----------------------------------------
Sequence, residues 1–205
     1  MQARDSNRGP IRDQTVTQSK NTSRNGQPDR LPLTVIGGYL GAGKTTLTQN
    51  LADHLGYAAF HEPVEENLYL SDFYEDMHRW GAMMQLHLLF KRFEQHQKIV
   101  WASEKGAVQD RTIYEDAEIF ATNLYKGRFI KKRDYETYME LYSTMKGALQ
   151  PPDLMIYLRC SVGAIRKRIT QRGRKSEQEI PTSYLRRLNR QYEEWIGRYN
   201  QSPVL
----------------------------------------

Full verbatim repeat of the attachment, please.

Sequence, residues 1–205
     1  MQARDSNRGP IRDQTVTQSK NTSRNGQPDR LPLTVIGGYL GAGKTTLTQN
    51  LADHLGYAAF HEPVEENLYL SDFYEDMHRW GAMMQLHLLF KRFEQHQKIV
   101  WASEKGAVQD RTIYEDAEIF ATNLYKGRFI KKRDYETYME LYSTMKGALQ
   151  PPDLMIYLRC SVGAIRKRIT QRGRKSEQEI PTSYLRRLNR QYEEWIGRYN
   201  QSPVL